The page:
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Last updated on April 19, 2014 at 9:20 EDT

Latest Longyearbyen Stories

2012-12-26 04:21:12

NEWCASTLE, England, December 26, 2012 /PRNewswire/ -- Stag and Hen Company Launch Their Search for the First Stag Group to Make it to the North Pole Last Night of Freedom, based near Newcastle, have this week launched an innovative new weekend expedition to the North Pole. This trip will appeal to only the most extravagant and adventurous of stags, looking to completely break the mould on their weekend with the boys. They have now launched a hunt for a group of guys who...

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2009-02-26 14:25:20

The "doomsday seed vault" in the Arctic Circle is celebrating its first anniversary with the arrival of nearly 90,000 food crop seed samples, BBC News reported. After the four-ton shipment, more than 20 million seeds are now secure in the frozen repository. The $7 million Svalbard Global Seed Vault was built over 12 months some 426 feet inside a mountain, with the ultimate goal of protecting the world's food crop species against natural and human disasters. The facility opened in February of...

2006-07-06 08:05:00

By James Kilner LONGYEARBYEN, Norway -- Thais may not have a distinguished polar history but they are among the biggest ethnic groups in Norway's snowy Arctic archipelago of Svalbard. This group of islands roughly the size of Ireland and about 600 miles from the North Pole is the only place in Western Europe where migrants from developing countries do not need a visa or permit to work and live. "If you're able to find a job you have the right according to the treaty to come here," Norway's...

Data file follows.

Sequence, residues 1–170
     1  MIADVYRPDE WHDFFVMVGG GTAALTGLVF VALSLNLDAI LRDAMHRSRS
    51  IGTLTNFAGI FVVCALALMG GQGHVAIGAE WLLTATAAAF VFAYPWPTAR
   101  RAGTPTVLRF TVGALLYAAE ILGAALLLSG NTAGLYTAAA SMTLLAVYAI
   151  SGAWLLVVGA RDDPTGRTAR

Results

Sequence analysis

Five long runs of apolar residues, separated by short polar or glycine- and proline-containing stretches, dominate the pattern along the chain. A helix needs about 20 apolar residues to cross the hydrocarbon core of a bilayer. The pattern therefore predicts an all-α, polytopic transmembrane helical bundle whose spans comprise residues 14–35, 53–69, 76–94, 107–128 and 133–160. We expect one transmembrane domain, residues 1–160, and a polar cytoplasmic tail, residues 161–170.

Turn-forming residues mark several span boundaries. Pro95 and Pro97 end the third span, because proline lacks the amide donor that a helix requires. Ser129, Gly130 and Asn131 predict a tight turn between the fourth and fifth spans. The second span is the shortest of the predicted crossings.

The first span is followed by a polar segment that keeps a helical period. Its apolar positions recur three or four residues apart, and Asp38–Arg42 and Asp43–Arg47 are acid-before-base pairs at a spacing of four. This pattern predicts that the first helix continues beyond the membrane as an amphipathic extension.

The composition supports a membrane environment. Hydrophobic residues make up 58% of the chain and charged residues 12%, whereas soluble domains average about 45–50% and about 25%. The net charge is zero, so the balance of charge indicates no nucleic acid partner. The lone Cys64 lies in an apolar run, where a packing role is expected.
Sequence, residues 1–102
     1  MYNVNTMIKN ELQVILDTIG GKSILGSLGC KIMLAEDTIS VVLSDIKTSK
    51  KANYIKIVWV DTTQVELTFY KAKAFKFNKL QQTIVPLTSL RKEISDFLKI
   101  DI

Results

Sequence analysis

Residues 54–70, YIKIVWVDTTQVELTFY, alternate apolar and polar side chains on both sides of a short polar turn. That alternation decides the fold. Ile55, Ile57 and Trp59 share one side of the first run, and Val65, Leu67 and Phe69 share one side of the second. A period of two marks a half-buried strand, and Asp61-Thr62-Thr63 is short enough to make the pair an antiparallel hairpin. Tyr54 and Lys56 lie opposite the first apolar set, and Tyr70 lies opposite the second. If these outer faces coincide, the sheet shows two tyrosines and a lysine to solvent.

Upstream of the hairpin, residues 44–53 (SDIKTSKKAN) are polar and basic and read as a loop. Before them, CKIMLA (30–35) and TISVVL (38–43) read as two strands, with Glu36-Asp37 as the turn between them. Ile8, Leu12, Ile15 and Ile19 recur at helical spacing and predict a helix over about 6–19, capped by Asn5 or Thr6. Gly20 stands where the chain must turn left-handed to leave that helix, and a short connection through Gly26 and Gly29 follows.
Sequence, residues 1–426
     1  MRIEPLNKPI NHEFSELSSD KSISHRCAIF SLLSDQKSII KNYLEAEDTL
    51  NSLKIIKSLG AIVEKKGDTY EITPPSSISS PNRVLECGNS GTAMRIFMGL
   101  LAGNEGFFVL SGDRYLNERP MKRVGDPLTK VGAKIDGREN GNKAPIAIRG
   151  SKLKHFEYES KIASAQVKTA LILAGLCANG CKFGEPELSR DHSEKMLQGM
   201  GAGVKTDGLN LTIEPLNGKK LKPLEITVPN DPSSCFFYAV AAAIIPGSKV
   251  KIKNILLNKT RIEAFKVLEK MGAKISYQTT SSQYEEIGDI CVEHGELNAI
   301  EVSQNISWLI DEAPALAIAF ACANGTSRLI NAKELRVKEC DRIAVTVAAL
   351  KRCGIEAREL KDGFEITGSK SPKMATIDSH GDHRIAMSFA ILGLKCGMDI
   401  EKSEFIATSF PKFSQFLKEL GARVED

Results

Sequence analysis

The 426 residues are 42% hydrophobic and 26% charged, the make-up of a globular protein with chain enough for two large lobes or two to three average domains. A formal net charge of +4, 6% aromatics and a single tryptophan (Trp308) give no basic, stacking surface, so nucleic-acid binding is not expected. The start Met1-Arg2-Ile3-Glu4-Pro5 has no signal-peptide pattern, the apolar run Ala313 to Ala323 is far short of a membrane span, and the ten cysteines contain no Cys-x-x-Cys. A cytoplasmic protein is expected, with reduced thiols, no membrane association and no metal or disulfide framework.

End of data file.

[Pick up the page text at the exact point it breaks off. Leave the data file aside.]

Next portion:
2006-07-01 20:05:28

By James Kilner BARENTSBURG, Norway (Reuters) - A Russian flag flutters over the concrete buildings hugging the side of a fjord on a remote Norwegian island deep inside the Arctic Circle. A stone bust of Lenin dominates the town square and vodka bottles line the bar's shelves. This is Barentsburg, a Russian coal-mining town of 500 people in the Svalbard archipelago, about the size of Ireland and 1,000 km (620 miles) from the North Pole. But it is a coal-mining town that has never...

2006-06-19 06:00:00

By James Kilner LONGYEARBYEN, Norway -- Work began in the Arctic on Monday on building a global bank of crop seeds that scientists hope will prevent the extinction of unique species such as those lost in wars in Afghanistan and Iraq. The underground vault on a remote island will hold about 1.5 billion seeds and 3 million varieties in a reinforced concrete tunnel drilled 70 meters (230 feet) into a mountain, guarded by two steel doors and controlled remotely from Sweden. "This seed bank is of...